UN Human Rights Council reports ongoing crimes in Syria, Iraq: Human Rights Watch reviewed evidence, including satellite images over the city of Aleppo, from October 31, 2013, and April 2, 2014, that strongly suggest the Syrian government used barrel bombs and other weapons in attacks against civilians. Other evidence showed that armed groups opposed to the government used child soldiers and turned schools into military bases and prisons. Human Rights Watch requested the Commission of Inquiry to take steps to punish those responsible and prevent the serious violations of international law. (For additional information about this topic, please click here.) (Human Rights Watch, Reuters).
Sri Lankan Parliament votes against UN Investigation: A motion rejecting a U.N. investigation into crimes committed in Sri Lanka during its 26-year civil war was approved by the Sri Lankan Parliament on Wednesday, 18 June 2014. 144 out of 225 members of Sri Lanka’s Parliament found the investigation would be “detrimental to the process of reconciliation and peace and [would] erode the sovereignty, dignity and statute” of the country. The motion is not binding on a U.N. investigation. (Washington Post).
UN Human Rights Commissioner Pillay concerned about war crimes in Iraq: Navi Pillay, the U.N. Human Rights Commissioner, released a statement on Monday, 16 June 2014, finding the executions committed by Islamist militants in Iraq to “almost certainly amount to war crimes.” In the past week, the militants seized the northern part of the country and threatened further violence. Pillay condemned the shocking crimes carried out and called for immediate action. (Reuters).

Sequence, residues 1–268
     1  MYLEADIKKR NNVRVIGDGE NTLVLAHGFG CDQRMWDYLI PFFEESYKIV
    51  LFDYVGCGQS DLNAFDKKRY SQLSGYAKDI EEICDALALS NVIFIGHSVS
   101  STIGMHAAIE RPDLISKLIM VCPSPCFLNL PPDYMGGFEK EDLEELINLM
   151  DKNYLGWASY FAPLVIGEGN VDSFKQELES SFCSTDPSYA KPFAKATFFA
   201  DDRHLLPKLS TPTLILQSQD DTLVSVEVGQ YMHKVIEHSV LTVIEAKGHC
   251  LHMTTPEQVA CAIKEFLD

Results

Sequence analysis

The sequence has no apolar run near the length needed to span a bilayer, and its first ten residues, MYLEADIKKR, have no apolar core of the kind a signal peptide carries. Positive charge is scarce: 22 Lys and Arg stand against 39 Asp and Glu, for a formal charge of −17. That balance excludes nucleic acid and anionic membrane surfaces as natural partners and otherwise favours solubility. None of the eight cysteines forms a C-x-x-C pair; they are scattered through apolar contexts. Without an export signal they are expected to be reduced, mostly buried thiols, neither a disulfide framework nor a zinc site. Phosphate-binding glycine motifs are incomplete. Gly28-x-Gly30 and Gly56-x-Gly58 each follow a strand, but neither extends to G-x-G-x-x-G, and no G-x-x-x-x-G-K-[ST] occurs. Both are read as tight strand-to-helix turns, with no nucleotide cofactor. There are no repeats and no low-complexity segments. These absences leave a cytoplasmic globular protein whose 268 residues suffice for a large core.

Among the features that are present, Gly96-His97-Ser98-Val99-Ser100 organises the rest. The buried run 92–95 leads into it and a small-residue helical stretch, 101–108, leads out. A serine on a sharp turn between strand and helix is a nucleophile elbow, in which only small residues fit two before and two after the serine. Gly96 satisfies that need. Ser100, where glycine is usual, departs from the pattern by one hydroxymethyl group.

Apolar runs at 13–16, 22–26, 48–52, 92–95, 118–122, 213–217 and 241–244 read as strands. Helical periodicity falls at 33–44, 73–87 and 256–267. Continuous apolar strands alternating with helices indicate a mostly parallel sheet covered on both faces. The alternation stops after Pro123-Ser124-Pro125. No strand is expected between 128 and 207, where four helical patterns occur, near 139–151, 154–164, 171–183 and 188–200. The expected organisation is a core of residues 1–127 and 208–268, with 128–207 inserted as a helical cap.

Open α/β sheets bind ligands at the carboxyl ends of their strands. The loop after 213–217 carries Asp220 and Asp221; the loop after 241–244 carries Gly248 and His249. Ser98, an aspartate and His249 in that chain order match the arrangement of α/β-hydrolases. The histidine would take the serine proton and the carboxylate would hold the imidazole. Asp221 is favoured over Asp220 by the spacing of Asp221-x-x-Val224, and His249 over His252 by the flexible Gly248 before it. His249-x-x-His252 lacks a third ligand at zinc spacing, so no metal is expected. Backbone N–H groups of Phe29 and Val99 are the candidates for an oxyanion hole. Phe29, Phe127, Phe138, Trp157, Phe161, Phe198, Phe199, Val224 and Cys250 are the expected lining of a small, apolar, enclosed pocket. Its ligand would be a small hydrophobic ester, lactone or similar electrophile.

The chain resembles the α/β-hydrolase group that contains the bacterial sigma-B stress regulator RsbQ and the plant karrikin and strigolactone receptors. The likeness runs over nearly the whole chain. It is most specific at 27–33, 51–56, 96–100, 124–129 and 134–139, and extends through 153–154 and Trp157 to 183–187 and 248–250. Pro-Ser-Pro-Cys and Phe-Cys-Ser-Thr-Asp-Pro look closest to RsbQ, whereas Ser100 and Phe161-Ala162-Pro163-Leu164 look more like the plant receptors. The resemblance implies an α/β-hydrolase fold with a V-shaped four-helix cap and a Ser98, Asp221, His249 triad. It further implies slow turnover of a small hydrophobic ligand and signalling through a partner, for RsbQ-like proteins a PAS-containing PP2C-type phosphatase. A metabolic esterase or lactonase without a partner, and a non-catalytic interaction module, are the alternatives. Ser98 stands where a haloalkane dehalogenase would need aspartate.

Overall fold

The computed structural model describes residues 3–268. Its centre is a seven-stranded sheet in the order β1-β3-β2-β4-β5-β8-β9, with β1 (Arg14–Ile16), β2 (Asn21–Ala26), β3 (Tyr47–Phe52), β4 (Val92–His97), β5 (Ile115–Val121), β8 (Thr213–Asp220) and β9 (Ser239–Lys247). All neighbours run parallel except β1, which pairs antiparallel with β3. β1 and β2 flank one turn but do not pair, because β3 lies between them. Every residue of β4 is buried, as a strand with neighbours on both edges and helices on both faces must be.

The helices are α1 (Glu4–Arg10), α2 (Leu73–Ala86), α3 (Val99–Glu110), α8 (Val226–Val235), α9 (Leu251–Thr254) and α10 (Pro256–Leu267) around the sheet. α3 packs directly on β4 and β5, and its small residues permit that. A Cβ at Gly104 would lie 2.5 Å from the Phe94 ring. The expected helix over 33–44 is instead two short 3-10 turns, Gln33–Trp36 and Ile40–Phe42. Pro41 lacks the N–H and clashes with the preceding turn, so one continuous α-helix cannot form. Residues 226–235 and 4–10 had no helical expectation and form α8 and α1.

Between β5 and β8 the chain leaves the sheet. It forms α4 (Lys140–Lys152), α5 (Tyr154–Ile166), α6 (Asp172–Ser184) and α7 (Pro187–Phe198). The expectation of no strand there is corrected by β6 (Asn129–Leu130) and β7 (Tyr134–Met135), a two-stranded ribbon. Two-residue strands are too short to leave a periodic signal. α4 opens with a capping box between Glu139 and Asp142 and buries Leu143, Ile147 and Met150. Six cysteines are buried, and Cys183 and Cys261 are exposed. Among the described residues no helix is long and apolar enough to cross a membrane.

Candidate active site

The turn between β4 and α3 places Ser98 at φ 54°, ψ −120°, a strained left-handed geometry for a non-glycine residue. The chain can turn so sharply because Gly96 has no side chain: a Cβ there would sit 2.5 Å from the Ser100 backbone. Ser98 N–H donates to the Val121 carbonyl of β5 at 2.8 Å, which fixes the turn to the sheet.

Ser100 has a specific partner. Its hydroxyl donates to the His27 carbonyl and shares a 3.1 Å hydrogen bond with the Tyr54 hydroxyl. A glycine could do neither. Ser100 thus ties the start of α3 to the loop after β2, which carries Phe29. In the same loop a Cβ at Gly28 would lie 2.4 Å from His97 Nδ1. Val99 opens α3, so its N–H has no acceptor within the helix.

Charles Taylor appeals for prison relocation: Former Liberian President Charles Taylor has filed a motion with the Special Court for Sierra Leone arguing violations of his human rights for being sentenced to jail in the U.K. Taylor claims his family is unable to visit him in the U.K. and that it would be more “humane” for him to serve his sentence in Africa. The former Liberian President was convicted by the Special Court in 2012 for aiding rebels in Sierra Leone. (BBC).
ICC confirms charges against Bosco Ntaganda: The ICC has confirmed 18 counts of war crimes and crimes against humanity against Bosco Ntaganda. The Prosecutor brought evidence of attempted murder, rape and sexual slavery that occurred in Congo’s Ituri district in 2002 and 2003 to the attention of the ICC. HRW expresses the hopes of many other human rights organizations which is that this decision to charge one ranking official of the ICC will lead to many more. (HRW).
CAR inquiry finds CAH and war crimes, but hesitates to affirm that genocide committed: The latest inquiry into the violence in CAR appears to contradict earlier reports of ethnic cleansing. The report states that anti-Muslim propaganda coming from non-Muslim quarters does no mean that genocide is being planned or that there is a conspiracy to commit genocide. Amnesty International objects to the findings in the latest report and argues that the displacement and violence against Muslims sectarian in nature and evidence that a genocide or massive displacement is occurring. (MWC News).
ICC decided to fund Saif Gaddafi legal team: The ICC has made the decision to fund the defence of Saif Gaddafi as a way to increase his chances of obtaining a fair trial before the court. It is likely that Gaddafi would be sentenced to death if found guilty by a court a Libya. UK politicians and military figures have protested this action by the ICC. (Telegraph).
Former Norwegian Minister willing to testify to crimes in Sri Lanka: Erik Solheim, former international development minister for Norway, is prepared to give evidence before any recognized international tribunal detailing the atrocities he witnesses during the final months of the decades-long Sri Lankan conflict. Solheim was involved in the brokered peace agreement that fell through in 2006. (Mint).